Click HERE to read the article in the Boston Herald
By Darren Garnick / The Working Stiff
Derek Rappaport meets his clients on the worst days of their lives.
It’s a situation the career paramedic has experienced countless times from the back of a Boston ambulance and a Duxbury fire truck. But now he’s operating under the additional stress of culture shock.
Imagine you tumble down a canyon in the Andes Mountains or have a heart attack in the jungles of Thailand. Your vacation is over, but that is the least of your worries. You’re facing life-or-death surgery and the local hospital doesn’t have the strictest standards of hygiene – let alone a doctor who can communicate with you.
Rappaport, 39, is the chief paramedic at Global Rescue, a Boston medical evacuation company guaranteeing travelers immediate emergency care and transportation back to the home-country hospital of their choice. Essentially, he and his staff are dispatched around the world to “look over the shoulder” of foreign doctors and ensure that medical procedures and advice meet American standards.
“We can get a helicopter anywhere,” he says. “Sometimes the foreign hospital welcomes our presence and sometimes they are immediately hostile. You have to know when to bare teeth and when to buy the nurses coffee. And you have to do it right because we only have one chance.”
While a patient is stabilized at the hospital, Rappaport uses a pen-sized scanner to share medical test results and data with physicians at Johns Hopkins Medicine in Baltimore. The Global Rescue team determines what medical action needs to take place overseas before coming home.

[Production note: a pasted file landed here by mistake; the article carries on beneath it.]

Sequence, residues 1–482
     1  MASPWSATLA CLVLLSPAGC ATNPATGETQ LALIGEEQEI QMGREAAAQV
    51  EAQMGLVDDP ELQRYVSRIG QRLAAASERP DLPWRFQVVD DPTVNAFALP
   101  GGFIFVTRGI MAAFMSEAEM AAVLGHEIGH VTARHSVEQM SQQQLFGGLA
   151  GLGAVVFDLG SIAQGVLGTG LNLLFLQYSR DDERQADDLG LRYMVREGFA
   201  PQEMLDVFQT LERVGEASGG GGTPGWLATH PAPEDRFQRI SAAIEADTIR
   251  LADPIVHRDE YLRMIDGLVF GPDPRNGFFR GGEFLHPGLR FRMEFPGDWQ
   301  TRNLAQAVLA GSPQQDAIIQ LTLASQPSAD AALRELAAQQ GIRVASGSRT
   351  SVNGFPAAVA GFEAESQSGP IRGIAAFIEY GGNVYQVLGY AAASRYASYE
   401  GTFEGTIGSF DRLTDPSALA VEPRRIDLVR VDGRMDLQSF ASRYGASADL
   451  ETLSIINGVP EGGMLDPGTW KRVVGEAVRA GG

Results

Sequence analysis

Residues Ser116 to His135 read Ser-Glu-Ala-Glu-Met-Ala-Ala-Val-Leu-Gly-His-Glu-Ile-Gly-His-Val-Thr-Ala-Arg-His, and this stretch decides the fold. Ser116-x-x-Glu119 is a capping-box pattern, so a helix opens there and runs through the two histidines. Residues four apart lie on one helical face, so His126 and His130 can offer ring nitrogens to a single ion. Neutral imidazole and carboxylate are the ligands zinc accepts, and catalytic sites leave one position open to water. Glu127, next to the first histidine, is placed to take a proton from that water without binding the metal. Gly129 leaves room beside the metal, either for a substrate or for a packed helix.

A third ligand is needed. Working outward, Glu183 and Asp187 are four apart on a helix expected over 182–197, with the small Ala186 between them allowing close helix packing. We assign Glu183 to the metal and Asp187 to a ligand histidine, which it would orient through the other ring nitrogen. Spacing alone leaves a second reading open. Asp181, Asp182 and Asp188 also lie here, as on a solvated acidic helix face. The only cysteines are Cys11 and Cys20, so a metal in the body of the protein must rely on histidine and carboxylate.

Rappaport, who sometimes needs to leave his wife and two daughters for up to 10 days with little notice, describes his role as part diplomat and part personal concierge. He’s delivered grandchildren’s “get well soon” cards to patients and fetched their favorite foods.
“When someone is experiencing their scariest day ever, you show up, you speak English and have massive medical resources behind you. It’s a very powerful feeling and great to be able to be there for them,” he says.
Global Rescue’s annual medical evacuation memberships cost $329 for an individual and $579 for a family, with rates doubling to cover security evacuations in cases of natural disaster, war or civil unrest. The company hires ex-Navy SEALs to handle the latter scenarios.
Rappaport spends most of his time in the Boston operations center on Broad Street, running the logistics of each rescue. He recently was dispatched to Haiti to help evacuate missionaries stranded by the earthquake and was sent to Brazil to scout out helicopter companies for medical emergencies in the Amazon rainforest.
“You can only do so much over the phone,” Rappaport says. “You have to meet face to face. I might have to call these guys at three o’clock in the morning and if I haven’t gone down there and shaken their hands, how can I depend on them?”
Other recent missions have included helping a magazine photographer with a broken back get evacuated from Bangkok and confronting discriminatory treatment in Bahrain based on the color of his client’s skin. The oil-rich Gulf country, which heavily relies on migrant workers from India for its construction jobs, sends those workers to “subpar” hospitals, according to Rappaport. He negotiated to have his Indian-American client, who suffered cardiac arrest, moved from the mediocre hospital to Bahrain’s best facility.
Although his job does have an adventure travel component, Rappaport notes that he rarely sees beyond the hospital halls.
“I can’t tell you a single thing about the places I’ve been to,” he says. “You can never really see the sites. You’re there for only one reason, to help the patient.”